Other reading, from the Jamaica Observer, is less enchanting:

Four people were shot dead by gunmen in Kingston, yesterday.

One of the dead men has been identified as Roy Burgher, 68, who the police said was shot inside a bar he operated at 63 Mountain View Avenue, the community where one man was killed during Tuesday’s protests by the Opposition Jamaica Labour Party.

According to the police, a group of gunmen assault rifles and semi-automatic handguns, invaded 63 Mountain View Avenue, an impoverished community, and shot Burgher while he ate lunch at about 11.30 am yesterday.

Burgher’s daughter, wife and neighbours were all shocked by the brutal nature in which the elderly man was killed.
“What a set a brute them wicked,” one woman said as tears streaked down her cheeks.

A large pool of blood marked the spot where Burgher fell. He was shot in the head and the abdomen and died on the spot. A piece of food he had been chewing at the time, was still affixed between his lips when workers from the Maddens Funeral Home removed his body. Blood soaked his whitened hair.

“See the food all still inna him mouth, them boy deh wicked and no have no soul,” another onlooker said.


The customer (with a shotgun) is king

Antoinette is smoking again.

She works in the next office but the walls here are so porous that the smoke just leaks through. Our building was once Mussolini’s Ministry of African Affairs, a rather grandiose affair since his attempt to emulate other European colonial powers was limited to Abyssinia and Libya. The large offices of the colonial administrators have long since been divided into smaller units, almost all identical. Almost. It’s the details that reveal your rank. Short-term consultants don’t bother investing in decoration; at level 5 you can have carpet on the floor, but there must be a 2 cm gap at the edge by the wall — wall-to-wall carpeting is reserved for directors only.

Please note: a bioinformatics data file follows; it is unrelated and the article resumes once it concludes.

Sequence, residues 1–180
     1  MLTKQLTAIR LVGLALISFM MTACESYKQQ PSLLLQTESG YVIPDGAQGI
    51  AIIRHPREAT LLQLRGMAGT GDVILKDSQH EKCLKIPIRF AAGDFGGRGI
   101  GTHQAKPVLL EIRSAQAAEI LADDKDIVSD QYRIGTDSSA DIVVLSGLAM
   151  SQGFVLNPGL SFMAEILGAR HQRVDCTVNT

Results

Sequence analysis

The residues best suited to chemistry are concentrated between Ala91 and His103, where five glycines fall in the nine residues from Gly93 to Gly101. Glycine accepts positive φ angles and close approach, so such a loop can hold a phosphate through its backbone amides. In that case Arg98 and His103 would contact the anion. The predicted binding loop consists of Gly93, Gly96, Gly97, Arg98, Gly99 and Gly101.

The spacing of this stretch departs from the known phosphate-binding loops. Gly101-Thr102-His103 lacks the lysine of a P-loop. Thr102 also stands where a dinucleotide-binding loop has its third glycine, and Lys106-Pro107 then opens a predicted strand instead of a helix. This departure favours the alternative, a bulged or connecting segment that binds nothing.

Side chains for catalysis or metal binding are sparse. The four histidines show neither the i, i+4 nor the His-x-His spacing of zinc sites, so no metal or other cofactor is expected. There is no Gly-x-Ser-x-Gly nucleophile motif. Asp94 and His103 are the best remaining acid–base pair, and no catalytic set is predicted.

VietatoFumareSmoking in the office has been banned for quite a few years – it still goes on behind locked doors with windows open and air freshener to hand (hey that was me when I was … 15). The law was recently toughened to ban smoking in bars and restaurants, causing surprise and confusion – that it should be applied at all and that it should be applied so quickly, unlike other legal processes. The first fine was issued in Naples, one minute after the official introduction of the law. It was also in crime-ridden Naples, however, that the chair of the traders’ association worried that asking a criminal to put out a cigarette “is no easy matter. I’m not risking getting kneecapped”. Yeah, that could be a demotivating factor.

Antoinette has now finished smoking. I know because the gagging odour of Wild Rose air freshener is now seeping through the walls.